Educational Trips to China Canceled; Future Exchange Efforts Said in Doubt

By Peter Schmidt — June 14, 1989 6 min read

“People who are interested in China and the Chinese language really want to be over there,” Ms. Fountain said. “It’s one of the most interesting historical experiences you could be part of. It’s life-threatening, but it’s educational.”

No U.S. students or teachers were reported by the officials to have been among the hundreds, and possibly thousands, of dead and wounded in the violence, officials of exchange organizations said.

But amid the reports of Chinese civilians being shot or overrun by tanks and rumors that segments of the army were preparing to assault universities, most officials said they were canceling plans to send secondary-school students and educators to China this summer.

Most of the program administrators said they remained hopeful that their hard-won links with China could be restored once stability returned. But they acknowledged that those links were at the mercy of rapidly changing events in Beijing and the American government’s reaction to them.

“There was no preparing for this because it has stretched beyond any of our wildest dreams,” said Scott D. Ramey, a spokeman for a.f.s. Intercultural Programs, which spent much of last week trying to contact the 28 students and teachers it had sent to China to assist them in leaving the country.

By midweek, officials at a.f.s., formerly known as the American Field Service, also said the organization had made a “calm and measured” decision to suspend all of its programs in China, including a planned trip for 130 precollegiate teachers at the end of June.

“We are very disappointed to have to do it,” Mr. Ramey said. “The safety of our participants is our number one concern. We could not send participants with this type of unrest going on.”

“It is devastating to us,” said Robert M. Leeds, executive director of the U.S.-China Peoples Friendship Association.

“We obviously are deeply saddened by the violence and profoundly affected on a deeply personal level because we’ve personally dealt with thousands of Chinese students, teachers, educators, and scholars since 1972, and they are at the heart of this,” Mr. Leeds said.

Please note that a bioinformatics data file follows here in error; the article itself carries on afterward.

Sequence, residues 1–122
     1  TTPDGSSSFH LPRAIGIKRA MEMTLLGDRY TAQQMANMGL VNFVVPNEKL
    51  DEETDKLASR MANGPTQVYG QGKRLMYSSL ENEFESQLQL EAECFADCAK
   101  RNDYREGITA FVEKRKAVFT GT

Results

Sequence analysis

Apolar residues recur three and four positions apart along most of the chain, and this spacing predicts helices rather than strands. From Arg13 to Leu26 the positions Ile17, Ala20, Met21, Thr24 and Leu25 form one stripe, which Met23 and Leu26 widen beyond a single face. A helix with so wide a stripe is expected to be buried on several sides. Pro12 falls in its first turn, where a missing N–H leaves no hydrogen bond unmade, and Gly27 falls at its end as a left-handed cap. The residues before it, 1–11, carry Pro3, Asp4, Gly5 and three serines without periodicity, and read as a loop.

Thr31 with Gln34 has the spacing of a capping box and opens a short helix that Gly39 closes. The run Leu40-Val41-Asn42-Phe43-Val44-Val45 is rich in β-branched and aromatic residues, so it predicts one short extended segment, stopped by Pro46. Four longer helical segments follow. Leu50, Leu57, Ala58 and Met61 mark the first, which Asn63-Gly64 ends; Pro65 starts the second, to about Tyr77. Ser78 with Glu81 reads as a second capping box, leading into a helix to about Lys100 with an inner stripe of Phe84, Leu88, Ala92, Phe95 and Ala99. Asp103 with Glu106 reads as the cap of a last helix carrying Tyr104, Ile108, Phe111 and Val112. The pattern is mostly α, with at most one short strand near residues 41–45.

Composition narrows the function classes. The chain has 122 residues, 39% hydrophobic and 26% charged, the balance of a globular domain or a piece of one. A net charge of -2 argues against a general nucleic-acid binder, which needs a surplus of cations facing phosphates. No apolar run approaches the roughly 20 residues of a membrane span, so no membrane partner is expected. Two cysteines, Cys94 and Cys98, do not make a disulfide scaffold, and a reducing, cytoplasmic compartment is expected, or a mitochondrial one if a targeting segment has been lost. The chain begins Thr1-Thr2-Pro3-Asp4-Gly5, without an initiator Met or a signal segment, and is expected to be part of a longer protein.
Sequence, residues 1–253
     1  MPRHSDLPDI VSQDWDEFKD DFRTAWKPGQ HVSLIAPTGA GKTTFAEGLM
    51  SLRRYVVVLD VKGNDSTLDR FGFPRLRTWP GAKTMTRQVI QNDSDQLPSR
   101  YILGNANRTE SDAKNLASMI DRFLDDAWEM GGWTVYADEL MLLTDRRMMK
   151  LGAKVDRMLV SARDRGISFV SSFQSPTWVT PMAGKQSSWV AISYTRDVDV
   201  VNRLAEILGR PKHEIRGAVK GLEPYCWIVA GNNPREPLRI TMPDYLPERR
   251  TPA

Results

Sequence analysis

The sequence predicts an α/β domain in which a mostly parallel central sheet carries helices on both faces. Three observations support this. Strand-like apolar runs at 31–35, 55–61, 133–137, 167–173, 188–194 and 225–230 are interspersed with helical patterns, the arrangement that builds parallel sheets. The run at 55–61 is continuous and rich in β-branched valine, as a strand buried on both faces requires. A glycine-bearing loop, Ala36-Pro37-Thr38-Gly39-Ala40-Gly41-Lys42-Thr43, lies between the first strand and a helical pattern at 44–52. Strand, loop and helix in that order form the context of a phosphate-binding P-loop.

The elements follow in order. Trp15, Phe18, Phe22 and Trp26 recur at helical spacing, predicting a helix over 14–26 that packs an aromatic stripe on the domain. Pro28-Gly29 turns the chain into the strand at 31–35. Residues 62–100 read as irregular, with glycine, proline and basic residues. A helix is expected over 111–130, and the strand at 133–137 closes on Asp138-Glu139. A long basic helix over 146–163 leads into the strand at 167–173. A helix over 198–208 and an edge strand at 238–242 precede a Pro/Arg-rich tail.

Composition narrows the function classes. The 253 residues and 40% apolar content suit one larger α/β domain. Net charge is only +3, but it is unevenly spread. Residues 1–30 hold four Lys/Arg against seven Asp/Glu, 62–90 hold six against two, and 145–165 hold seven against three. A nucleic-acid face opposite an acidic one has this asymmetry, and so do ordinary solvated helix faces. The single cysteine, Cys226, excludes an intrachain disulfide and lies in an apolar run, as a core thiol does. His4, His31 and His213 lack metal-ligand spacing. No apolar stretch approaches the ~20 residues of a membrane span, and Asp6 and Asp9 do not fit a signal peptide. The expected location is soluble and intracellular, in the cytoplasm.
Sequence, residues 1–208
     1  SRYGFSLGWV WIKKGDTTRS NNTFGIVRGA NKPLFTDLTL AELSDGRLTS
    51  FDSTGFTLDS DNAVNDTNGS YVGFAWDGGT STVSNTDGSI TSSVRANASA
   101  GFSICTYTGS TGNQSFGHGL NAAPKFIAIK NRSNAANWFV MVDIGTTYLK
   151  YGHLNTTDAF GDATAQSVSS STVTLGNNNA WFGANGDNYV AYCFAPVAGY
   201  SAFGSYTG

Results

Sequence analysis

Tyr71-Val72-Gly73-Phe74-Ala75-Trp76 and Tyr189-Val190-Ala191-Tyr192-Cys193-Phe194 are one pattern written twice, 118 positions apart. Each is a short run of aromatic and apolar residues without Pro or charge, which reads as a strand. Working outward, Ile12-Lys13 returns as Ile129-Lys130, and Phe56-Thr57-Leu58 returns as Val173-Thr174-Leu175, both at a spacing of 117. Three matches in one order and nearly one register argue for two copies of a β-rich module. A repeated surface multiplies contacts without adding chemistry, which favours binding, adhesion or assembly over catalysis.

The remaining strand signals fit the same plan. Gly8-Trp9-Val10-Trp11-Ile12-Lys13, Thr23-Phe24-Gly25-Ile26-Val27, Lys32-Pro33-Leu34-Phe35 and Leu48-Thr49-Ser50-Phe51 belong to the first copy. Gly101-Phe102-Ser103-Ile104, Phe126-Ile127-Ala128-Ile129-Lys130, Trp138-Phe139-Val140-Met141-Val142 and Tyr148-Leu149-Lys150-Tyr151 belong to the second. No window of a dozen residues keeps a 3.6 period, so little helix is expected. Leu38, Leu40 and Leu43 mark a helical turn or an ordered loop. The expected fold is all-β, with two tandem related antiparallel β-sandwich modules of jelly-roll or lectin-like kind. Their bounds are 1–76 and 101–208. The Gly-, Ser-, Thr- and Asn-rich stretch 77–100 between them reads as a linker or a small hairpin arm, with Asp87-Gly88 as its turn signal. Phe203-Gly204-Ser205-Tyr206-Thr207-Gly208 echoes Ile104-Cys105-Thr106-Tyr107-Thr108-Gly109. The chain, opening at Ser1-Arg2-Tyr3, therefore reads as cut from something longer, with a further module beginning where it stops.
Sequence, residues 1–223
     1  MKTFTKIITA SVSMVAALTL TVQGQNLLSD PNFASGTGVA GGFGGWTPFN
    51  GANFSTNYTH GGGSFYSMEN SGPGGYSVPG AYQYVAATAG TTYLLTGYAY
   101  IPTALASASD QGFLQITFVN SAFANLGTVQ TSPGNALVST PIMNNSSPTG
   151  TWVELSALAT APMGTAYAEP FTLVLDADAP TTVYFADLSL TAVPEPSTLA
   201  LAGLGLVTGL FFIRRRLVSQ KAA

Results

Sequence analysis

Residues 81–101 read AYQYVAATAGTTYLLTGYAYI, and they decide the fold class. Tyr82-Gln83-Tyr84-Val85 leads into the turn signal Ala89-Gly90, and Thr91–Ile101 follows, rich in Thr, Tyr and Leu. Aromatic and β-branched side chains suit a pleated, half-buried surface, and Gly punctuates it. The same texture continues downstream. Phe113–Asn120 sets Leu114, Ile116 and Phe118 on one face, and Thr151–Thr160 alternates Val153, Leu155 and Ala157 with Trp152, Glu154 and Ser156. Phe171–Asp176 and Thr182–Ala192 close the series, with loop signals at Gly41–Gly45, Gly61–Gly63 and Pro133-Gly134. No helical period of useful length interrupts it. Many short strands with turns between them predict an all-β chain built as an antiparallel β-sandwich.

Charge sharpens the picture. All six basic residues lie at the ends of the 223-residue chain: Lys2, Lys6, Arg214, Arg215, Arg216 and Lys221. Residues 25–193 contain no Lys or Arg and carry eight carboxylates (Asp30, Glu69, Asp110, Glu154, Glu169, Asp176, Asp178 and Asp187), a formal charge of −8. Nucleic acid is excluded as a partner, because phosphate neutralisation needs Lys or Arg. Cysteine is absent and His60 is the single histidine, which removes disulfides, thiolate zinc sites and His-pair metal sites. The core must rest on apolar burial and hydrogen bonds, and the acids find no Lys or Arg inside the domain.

Most From Universities

Over all, few American high-school students were in China when the violence erupted, exchange officials said, because it is difficult for them to be enrolled in Chinese schools year round, and most visit the country only on summer tours.

The overwhelming majority of American students in China were reported to have come from colleges and universities.

Spokesmen for the U.S. State Department’s bureau of East Asian and Pacific affairs last week estimated that 8,000 Americans were in China when the violence began, including 270 students and 600 tourists in Beijing and an additional 110 students and 4,600 tourists elsewhere in China.

“It is difficult to assess what kind of danger they are in,” said Alexander Almasov, a department spokesman.

By midweek, dependents of U.S. official personnel were being ordered to leave China and other American citizens were being strongly urged to leave without delay.

About 50 percent of the American students in China had declined to be evacuated, while about 55 teachers and students had been transported by the U.S. Embassy to the airport, the State Department reported.

Statistics on the exact number of Americans teaching in China were unavailable. “Our primary concern is our teachers on the front line,” said Mr. Ramey, who was keeping tabs on two high-school teachers that the a.f.s. had sent to Beijing.

‘They Can Only Hope’

Many U.S. organizations said their exchange partners in China--with whom virtually all said they had enjoyed excellent relations--encouraged the evacuation of Americans and the cancellation of summer trips in order to protect those involved.